How The Economist uses programmatic to drive subscriptions
The Economist can’t live on ad revenue alone.
Over 50 percent of its overall revenue, £167 million ($251 million), is tied to subscriptions. Increasingly, doing so means mastering the mechanics of programmatic advertising and the art of slicing and dicing data to put specific offers in front of different groups of people.
Six months ago, The Economist began running its own ad retargeting program in-house by having a dedicated a member of its marketing team execute campaigns via a DSP — DoubleClick Bid Manager. Inspired by muscular strategies in place at marketers like Netflix and eBay, this approach leans heavily on The Economist’s own data. It utilizes data sets collected through a data-management platform (DMP), supplied by BlueKai. That said, it hasn’t fully moved away from agencies entirely.
“We’re trying to straddle both [agency and in-house] approaches. We’re ensuring that we’re well placed for when any particular stream of digital activity opens up, or when we see gains in one particular channel, then we’re well positioned to take advantage of that quickly, rather than playing a catch-up game,” said Mark Beard, vp, digital media and content strategy and circulation and marketing director, U.K., The Economist.
“We’d seen brands such as Netflix, Kelloggs and others playing in that space and just like them, I also believe that if you’re going to be at the cutting edge of technology, you’ve got to give these things a go.”
Prospecting techniques for identifying new customers at the top of the purchase funnel are still handled by its agencies. These agencies are using first- and third-party data held within its DMP to conduct “lookalike modelling” — a process designed to serve ads to Web users displaying the same kinds of characteristics as existing customers. For example, it’s able to query its data and search for cookie pools that resemble the behavior of those loyal users who’ve subscribed for two or more years.
One area the company has still not cracked, though, is cross-device retargeting. “We haven’t reach the point of diminishing returns on personalization just yet. Technology continues to improve and cross-platform retargeting options are arriving in the market. That’s something we’re examining closely,” said Beard.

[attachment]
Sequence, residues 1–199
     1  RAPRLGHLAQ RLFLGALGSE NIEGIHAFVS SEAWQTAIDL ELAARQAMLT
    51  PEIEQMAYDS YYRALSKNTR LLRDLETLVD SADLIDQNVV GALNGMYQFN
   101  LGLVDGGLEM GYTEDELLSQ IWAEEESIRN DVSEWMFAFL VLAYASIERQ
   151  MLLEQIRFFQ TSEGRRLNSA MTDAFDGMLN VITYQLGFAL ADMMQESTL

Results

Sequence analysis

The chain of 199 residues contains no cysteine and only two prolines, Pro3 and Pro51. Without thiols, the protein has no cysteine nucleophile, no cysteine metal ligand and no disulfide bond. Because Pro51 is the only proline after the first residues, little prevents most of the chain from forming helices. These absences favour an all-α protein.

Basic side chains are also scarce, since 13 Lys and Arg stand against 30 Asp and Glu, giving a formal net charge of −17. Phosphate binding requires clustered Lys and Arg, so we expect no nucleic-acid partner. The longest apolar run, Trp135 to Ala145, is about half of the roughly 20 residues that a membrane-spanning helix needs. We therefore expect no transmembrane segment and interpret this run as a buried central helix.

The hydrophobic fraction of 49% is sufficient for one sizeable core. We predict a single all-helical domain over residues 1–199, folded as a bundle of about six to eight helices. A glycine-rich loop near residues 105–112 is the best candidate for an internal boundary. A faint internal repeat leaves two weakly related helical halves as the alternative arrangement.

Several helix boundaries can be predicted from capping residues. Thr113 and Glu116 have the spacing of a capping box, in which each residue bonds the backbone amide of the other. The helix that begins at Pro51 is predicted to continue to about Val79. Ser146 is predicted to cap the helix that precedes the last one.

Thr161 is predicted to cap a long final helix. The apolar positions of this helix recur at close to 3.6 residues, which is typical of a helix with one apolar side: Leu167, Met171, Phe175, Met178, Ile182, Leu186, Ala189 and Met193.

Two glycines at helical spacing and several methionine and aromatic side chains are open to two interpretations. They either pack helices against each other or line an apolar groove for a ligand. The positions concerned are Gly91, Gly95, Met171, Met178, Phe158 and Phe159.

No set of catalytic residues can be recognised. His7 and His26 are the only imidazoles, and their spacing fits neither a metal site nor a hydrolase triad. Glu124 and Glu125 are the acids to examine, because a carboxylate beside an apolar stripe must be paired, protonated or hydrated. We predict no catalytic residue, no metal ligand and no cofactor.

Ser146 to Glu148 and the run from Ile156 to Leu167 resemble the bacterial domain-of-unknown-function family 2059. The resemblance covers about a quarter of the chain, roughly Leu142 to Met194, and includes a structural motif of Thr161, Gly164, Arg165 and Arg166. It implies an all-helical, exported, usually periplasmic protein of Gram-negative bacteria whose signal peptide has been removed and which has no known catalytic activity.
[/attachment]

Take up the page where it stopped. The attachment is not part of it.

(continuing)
Netflix’s approach to programmatic trading, in contrast to The Economist’s hybrid tack, is all-in. Netflix’s senior manager for programmatic buying in North America Kathy O’Dowd has spoken about the risks and rewards of taking display in-house: the expertise and agility comes with a high cost.
“All the resources that are required to manage a programmatic buy have a pretty significant cost associated with it,” she said. “If the ROI isn’t there, go with an agency. Let them take your smaller media spend, do a very good job with it, and set you up for success when and if you’re ready to expand beyond that.”
Taking a more hands on approach is paying off for The Economist. It’s now able to track purchases based on ads seen six or more months ago with much more accuracy than it ever could. Beard attributes the improved its understanding of advertising technology internally as a big factor in persuading management to increase investment in this area.
In addition to programmatic, The Economist is naturally leaning on content marketing to grow its subscriptions. It uses its 12 million combined Facebook and Twitter followings to fight the perception that the Economist is just about long articles. Instead, it highlights its charts, video explainers and the like.
“We’re building our content marketing strategy as a team, but unlike most, we’re blessed with ready-made assets we have from our editorial team,” said Beard. “We try to exercise some self-governance and include a healthy mix of all the different types of content we produce to save us the danger of pigeon holing ourselves as a brand. We have a social media manager who has a point person in editorial and marketing so we get the right balance of commercial and editorial content on those channels too.”
The Economist, which last week promoted Zanny Minton Beddoes to editor-in-chief, faces well-resourced online competitors such as Dow Jones, Thomson Reuters and Bloomberg. Even The New York Times is serving ads against searches for “Economist digital subscription.” The second key challenge will be growing circulation and subscriptions at a time when the print market is declining and digital editions make up only 11 percent of its subscriptions.
For the coming year, though, The Economist is upping its digital marketing investment in search of growth in these lean, competitive times for publishing.
“Digital has enabled us to prove our marketing effectiveness to our board more than our poster campaigns ever could,” said Beard. “We invested more this year in digital marketing than in previous years and we’re gearing up to spend even more this year as we set up our budgets. We’ve just done our first global brand response campaign, with a second campaign coming up. All the signals are good.”
Homepage image courtesy of economist.com
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